In vitro and in vivo studies on the importance of the soluble guanylyl cyclase a1 subunit in penile erection
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Van de Voorde, Johan
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CitationDecaluwé, Kelly, Sofie Nimmegeers, Robrecht Thoonen, Emmanuel Buys, Peter Brouckaert, and Johan Van de Voorde. 2010. “In Vitro and in Vivo Studies on the Importance of the Soluble Guanylyl Cyclase a1 Subunit in Penile Erection.” World Journal of Urology 28 (5) (January 23): 643–650. doi:10.1007/s00345-010-0509-7.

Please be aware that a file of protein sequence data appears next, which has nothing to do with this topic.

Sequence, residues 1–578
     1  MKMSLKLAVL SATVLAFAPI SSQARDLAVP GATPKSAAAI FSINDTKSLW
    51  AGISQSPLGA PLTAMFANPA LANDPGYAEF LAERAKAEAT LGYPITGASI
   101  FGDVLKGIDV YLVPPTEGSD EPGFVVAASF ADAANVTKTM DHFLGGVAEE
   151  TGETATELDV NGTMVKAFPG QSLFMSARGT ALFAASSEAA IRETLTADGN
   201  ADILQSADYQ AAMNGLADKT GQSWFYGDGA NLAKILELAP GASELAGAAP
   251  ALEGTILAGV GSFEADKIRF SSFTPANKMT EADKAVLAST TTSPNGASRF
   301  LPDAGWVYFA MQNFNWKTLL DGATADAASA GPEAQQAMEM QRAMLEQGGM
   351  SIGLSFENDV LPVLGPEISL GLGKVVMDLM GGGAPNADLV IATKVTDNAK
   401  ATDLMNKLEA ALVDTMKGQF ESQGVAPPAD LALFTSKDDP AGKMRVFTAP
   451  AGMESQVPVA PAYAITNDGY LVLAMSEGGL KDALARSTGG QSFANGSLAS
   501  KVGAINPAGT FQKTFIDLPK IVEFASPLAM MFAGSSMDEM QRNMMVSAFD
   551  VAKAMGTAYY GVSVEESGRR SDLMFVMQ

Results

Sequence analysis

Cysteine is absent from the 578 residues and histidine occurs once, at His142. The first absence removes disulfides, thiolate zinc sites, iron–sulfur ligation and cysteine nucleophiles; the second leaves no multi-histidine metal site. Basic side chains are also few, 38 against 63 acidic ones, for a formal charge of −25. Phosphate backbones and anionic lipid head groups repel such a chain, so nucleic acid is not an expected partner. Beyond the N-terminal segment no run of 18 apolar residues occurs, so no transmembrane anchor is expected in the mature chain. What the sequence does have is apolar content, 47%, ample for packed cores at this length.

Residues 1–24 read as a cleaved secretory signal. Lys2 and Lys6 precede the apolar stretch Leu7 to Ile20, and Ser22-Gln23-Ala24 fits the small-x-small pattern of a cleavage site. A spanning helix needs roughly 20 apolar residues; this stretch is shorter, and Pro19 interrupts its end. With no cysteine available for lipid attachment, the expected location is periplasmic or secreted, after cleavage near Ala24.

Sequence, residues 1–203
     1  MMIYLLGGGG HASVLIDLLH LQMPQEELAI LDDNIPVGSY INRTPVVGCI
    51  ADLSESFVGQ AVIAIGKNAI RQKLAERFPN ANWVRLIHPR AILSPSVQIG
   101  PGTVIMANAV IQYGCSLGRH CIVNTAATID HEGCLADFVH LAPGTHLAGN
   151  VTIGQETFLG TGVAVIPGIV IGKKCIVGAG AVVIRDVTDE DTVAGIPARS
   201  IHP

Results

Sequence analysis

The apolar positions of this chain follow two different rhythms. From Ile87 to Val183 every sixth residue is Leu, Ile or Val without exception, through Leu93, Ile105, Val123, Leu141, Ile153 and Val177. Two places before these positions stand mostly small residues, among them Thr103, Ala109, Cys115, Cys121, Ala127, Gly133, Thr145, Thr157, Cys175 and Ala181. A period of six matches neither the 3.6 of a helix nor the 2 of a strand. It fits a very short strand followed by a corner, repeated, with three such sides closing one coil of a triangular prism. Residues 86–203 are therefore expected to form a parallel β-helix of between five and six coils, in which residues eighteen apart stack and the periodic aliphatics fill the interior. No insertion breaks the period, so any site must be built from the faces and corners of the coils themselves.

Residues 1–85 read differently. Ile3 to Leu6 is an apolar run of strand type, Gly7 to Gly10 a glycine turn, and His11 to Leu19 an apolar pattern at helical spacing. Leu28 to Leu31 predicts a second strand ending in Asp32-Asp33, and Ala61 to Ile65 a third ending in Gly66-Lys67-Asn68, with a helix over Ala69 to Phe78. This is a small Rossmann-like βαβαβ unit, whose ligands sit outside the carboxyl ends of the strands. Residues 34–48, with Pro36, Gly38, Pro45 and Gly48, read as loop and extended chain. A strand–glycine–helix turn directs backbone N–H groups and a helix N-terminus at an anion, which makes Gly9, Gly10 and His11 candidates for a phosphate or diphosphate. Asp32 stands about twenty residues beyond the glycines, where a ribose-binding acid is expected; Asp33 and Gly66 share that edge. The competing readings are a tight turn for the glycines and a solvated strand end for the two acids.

AbstractPurpose: Soluble guanylyl cyclase (sGC), which plays a pivotal role in penile erection, is a heterodimer build up by an α and a β subunit. For both subunits two isoforms have been characterized, but only the sGCα1β1 and sGCα2β1 isoforms seem to be functionally active. To elucidate the functional role of the sGCα1β1 heterodimer in the mechanism of erection, experiments were performed in vivo and on isolated corpora cavernosa (CC) using sGCα1−/− mice. Materials and methods: For the in vivo study sGC-dependent and -independent vasorelaxing agents were injected intracavernosally in sGCα1−/− and sGCα1+/+ mice and the rise in intracavernosal pressure was recorded. For the in vitro study, isolated CC tissues from sGCα1−/− and sGCα1+/+ mice were mounted in organ baths for isometric tension recording and concentration-dependent curves were obtained for sGC-dependent and -independent vasorelaxing agents. These experiments were performed on 2 different mice strains (129SvEvS7 and C57BL6/J) to determine potential strain differences. Results: The responses in sGCα1−/− after administration of the NO-donors, sodium nitroprusside (SNP) and spermine-NO, and to electrical stimulation are significantly reduced although not completely abolished. Responses to sGC-independent vasorelaxing agents are similar in sGCα1−/− and sGCα1+/+ mice from both strains suggesting that the decreased potential of smooth muscle relaxation is not related to structural changes or changes in the pathway downstream sGC. Conclusion: This study illustrates the strain-independent importance of the sGCα1β1 heterodimer, although remaining vasorelaxing responses in the sGCα1−/− mice suggest a complementary role for the sGCα2β1 isoform or (an) sGC-independent mechanism(s).
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